Journal des Alternatives


Ethiopia by the way of South Africa

Sara Brunelle, 3 juillet 2008

Sara Brunelle,
intern in Johannesburg, South Africa

Photo : Daniel Lanteigne

The following text is an excerpt from a much longer one written by the intern :

[…] I have been tracking down Ethiopians in my neighborhood ever since I returned [to Johannesburg]. Living in the center of Pan African Yeoville, this task isn’t very difficult, I found quite a few at the local Rasta club, and though everyone there is wearing red-green-yellow, Ethiopians distinctively dance only in the shoulders. They get a real laugh when I show up from nowhere saying « hello, how are you », and « what is your name » in Amaharic. But because of this, I now have the fortunate opportunity of hanging out in traditional Ethiopian coffee houses right here in my own neighborhood ! Which is fantastic because Ethiopian coffee is so delicious.

Ethiopians are warm, welcoming and very proud people. The names, dates, and stories of their long history as Africa’s only non-colonized country are inscribed in their heads. Ethiopians will happily review the intricacies of their history with you any time, and if they pull out the bible it is only to show you just how often Ethiopia is mentioned.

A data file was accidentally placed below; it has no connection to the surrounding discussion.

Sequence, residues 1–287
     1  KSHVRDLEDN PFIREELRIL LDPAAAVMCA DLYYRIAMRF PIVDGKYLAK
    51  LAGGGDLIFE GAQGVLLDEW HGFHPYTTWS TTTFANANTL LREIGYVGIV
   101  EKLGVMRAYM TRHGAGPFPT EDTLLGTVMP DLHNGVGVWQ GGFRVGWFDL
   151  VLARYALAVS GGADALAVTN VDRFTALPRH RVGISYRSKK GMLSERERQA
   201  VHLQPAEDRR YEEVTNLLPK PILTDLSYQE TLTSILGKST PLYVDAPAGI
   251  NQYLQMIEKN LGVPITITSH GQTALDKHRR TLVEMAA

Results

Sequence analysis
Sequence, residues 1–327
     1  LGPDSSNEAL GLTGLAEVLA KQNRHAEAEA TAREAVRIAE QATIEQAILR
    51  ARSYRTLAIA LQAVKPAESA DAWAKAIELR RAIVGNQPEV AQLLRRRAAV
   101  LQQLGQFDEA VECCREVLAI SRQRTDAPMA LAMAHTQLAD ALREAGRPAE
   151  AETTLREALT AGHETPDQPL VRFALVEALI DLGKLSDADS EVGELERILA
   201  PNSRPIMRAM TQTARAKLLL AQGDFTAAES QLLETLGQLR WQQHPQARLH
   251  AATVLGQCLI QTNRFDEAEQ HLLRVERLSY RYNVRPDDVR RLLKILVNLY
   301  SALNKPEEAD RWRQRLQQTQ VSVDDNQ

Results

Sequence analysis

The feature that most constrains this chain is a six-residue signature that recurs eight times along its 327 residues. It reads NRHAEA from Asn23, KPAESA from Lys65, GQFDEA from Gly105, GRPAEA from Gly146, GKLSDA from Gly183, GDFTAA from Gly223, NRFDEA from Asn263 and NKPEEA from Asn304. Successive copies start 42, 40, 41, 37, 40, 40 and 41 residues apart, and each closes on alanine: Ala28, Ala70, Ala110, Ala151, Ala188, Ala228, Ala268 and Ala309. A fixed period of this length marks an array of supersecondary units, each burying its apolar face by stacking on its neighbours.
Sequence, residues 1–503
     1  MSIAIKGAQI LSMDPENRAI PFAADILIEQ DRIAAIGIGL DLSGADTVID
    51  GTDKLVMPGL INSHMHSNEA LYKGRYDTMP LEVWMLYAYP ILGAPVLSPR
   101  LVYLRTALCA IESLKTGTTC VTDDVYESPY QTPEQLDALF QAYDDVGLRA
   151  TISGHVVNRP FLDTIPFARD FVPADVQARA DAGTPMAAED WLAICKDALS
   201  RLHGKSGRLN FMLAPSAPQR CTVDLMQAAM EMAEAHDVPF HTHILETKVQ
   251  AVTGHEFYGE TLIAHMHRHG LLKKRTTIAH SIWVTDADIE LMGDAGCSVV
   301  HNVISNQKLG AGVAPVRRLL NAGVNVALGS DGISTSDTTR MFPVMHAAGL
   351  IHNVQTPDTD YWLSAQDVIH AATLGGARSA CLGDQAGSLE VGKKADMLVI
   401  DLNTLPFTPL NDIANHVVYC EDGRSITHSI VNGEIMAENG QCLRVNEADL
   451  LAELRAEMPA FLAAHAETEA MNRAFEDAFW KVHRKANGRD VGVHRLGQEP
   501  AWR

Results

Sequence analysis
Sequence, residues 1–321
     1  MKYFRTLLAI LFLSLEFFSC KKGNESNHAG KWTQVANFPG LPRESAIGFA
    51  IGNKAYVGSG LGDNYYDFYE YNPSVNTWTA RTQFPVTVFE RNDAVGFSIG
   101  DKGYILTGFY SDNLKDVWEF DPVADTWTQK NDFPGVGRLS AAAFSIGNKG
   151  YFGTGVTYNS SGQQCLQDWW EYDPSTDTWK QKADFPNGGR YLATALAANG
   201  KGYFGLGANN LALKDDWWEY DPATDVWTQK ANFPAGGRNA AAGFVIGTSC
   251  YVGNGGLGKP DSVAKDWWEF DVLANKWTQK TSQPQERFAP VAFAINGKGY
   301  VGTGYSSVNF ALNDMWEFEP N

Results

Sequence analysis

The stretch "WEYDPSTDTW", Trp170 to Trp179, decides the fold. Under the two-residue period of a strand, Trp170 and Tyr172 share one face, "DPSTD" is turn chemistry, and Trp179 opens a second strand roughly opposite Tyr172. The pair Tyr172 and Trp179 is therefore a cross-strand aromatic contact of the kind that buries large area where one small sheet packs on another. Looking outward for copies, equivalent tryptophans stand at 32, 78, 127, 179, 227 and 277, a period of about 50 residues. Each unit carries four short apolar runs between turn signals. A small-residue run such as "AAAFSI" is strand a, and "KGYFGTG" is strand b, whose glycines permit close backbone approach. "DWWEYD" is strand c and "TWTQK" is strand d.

Ethiopians also tend to have very impressive names. I enjoyed a fantastic conversation about the Christian-Muslim wars with « Scientist » and « Super Genius » over some very terrific coffee.

Robin and I passed an amazing holiday.... From Addis Ababa, the capital city, we traveled north to Bahir Dar, a University town on Africa’s second largest lake, Lake Tana (the source of the Nile), and from there drove the only road, just recently built, still further north to Gonder. Cars passing is still fresh and exciting to the locals and they usually drop their things to wave. From there we took a plane north to the mountains of Lalibela, an astonishing place, to tour 11th century churches carved of stone. In two and a half short weeks Robin and I trekked 40k, rode mules up a mountain, learned traditional dance, and saw a lot of churches. […].